28. The method of claim 12, wherein the symptom is a lack of spontaneous make-believe or social imitative play appropriate to developmental level of the individual.
29. The method of claim 12, wherein the symptom is a restricted, repetitive, and stereotyped pattern of behavior, interest, or activity, as manifested by (a) a preoccupation with one or more stereotyped and restricted patterns of interest that is abnormal in intensity or focus; (b) an apparently inflexible adherence to specific, nonfunctional routines or rituals; (c) a stereotyped and repetitive motor mannerism; or (d) a persistent preoccupation with parts of objects.
30. The method of claim 12, wherein the symptom is a preoccupation with one or more stereotyped and restricted patterns of interest that is abnormal in intensity or focus.
31. The method of claim 12, wherein the symptom is an apparently inflexible adherence to specific, nonfunctional routines or rituals.
32. The method of claim 12, wherein the symptom is a stereotyped and repetitive motor mannerism.
33. The method of claim 12, wherein the symptom is a persistent preoccupation with parts of objects.
34. The method of claim 12, wherein the symptom is a difficulty in falling asleep or repeated waking during sleep.
35. The method of claim 12, wherein the symptom is an impairment in alertness or concentration as manifested by staring into space or failure to pay attention to other people.
36. The method of claim 12, wherein the symptom is an impairment in receptive language as manifested by a lack of understanding.
37. The method of claim 12, wherein the symptom is an impairment in cognitive skills as manifested by random or aimless activities, or a lack of purposeful actions.
38. The method of claim 12, wherein the symptom is chronic loose stools.
39. The method of claim 12, wherein the symptom is chronic diarrhea.
40. A method for diagnosing an autistic disorder in an individual, the method comprising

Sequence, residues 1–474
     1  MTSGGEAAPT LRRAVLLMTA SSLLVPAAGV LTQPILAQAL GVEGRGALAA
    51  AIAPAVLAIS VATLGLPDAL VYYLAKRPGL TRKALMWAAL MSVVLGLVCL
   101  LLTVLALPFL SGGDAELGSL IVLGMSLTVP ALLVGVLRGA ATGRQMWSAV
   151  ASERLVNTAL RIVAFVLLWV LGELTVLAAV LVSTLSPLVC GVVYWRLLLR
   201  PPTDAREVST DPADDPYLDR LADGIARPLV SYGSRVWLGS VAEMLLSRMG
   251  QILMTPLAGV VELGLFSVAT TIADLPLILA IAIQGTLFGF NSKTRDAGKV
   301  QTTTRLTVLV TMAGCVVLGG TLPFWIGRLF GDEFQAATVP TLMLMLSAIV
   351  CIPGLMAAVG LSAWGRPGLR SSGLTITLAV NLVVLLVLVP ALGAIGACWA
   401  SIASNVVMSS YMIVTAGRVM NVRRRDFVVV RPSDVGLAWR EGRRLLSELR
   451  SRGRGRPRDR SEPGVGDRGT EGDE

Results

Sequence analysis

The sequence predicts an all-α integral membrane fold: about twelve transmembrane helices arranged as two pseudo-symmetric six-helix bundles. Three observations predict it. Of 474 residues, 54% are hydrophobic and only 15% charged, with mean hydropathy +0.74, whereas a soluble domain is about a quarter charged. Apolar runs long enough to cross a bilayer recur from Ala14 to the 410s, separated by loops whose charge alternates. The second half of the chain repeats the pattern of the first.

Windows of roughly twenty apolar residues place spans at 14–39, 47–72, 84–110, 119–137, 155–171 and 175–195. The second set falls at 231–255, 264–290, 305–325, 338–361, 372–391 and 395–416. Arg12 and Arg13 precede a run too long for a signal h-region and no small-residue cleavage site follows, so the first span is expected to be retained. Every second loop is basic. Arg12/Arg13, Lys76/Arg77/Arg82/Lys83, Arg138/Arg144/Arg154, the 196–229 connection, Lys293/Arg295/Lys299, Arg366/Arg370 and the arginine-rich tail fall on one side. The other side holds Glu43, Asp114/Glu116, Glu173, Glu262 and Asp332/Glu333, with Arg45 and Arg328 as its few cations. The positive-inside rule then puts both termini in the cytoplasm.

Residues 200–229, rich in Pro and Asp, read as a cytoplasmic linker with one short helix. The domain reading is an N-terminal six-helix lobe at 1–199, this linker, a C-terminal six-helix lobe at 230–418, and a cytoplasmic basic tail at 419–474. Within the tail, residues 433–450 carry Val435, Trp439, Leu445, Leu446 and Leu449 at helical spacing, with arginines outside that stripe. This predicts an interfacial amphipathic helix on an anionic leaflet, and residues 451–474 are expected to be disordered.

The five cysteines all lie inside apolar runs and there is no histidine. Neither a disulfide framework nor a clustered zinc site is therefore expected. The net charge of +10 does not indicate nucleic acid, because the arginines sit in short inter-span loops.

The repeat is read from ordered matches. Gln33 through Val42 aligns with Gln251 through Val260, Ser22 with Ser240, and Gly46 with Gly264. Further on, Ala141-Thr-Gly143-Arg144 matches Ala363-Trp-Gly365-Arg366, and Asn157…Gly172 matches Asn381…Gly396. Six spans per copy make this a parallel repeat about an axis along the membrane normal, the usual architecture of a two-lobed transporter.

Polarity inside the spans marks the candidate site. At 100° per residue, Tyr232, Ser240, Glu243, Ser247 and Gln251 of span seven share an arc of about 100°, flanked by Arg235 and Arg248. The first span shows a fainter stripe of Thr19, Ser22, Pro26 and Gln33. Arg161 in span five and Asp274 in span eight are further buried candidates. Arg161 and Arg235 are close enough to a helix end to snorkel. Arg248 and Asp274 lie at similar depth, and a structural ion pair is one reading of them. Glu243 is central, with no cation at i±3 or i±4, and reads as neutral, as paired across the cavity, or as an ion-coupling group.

obtaining a sample of blood from the individual; and
analyzing the blood level of secretin in the blood; wherein a decreased blood level of secretin compared to a normal secretin blood level indicates the possibility of autistic disorder in the individual.
41. The method of claim 40, wherein the normal secretin blood level is at least 12 pg/ml.
Description
CROSS REFERENCE TO A RELATED APPLICATION

This application is a continuation of SN 09/080,631, filed May 19,1998, now U.S. Pat. No. 6,020,310, which claims the benefit of U.S. Provisional Application No. 60/047,049, filed May 19, 1997, the contents of which are incorporated herein.

FIELD OF THE INVENTION

The present invention relates in general to differential diagnosis and therapeutic treatment of autistic syndromes, and in particular to a new and useful method for diagnosing and treating autistic syndromes by measurement and administration of secretin.

BACKGROUND OF THE INVENTION

Autistic syndrome (or autism) is a pervasive developmental behavioral disorder of very early onset that is characterized by a fundamental lack of normal interest in other people. (Original description, Kanner L. Autistic disturbances of affective contact. Nervous Child 1943;2:217-250.) The recent diagnostic criteria (DSM IV) for autistic disorder are shown in Table 3 below from the American Psychiatric Association1

Epidemiologic studies suggested a prevalence rate of autistic behavior of approximately 2 to 5 cases in 10,000, however, recent surveys including the entire spectrum of the disease indicate that rates of 15 per 10,000 are a more accurate disease prevalence2.3. Such figures indicate that this disorder affects four hundred thousand Americans, with significant social and public health costs.

Despite the substantial body of evidence implicating neurobiological factors in the pathogenesis, precise etiologic mechanisms of autism have yet to be identified. In the absence of a clear etiology, although both behavioral and medical interventions are available to improve learning and behavior, there is no evidence of a cure for autism, nor any efficient psychopharmacological treatments for the core symptoms.

Autism is a syndrome with multiple etiologies, as is made clear both by the evidence of neurobiological research and by the catalog of disorders that are present with autistic behaviors4. Based on clinical observations, there are subgroups and subtypes of subjects with significantly different patterns of strengths and deficits, different patterns of comorbidity, levels of severity, and different psychological/cognitive profiles. The response to therapeutic trials also showed a wide variety of outcomes, which may support the possibility that there are multiple etiologies for autism. Although we know that genetic, infectious, metabolic, immunologic, neurophysiological, and environmental causes may lead to similar patterns of altered development with autistic behavior, the recognition of these clear neuropathological disorders does not help us to understand the basic pathogenic mechanism of autism.

There is no clear biological marker of autism to allow early diagnosis or screening of this disease even though it is generally believed that early recognition and management is crucial in the prognosis. Under these circumstances, every clinical observation is important and may lead us to a better understanding of this disorder.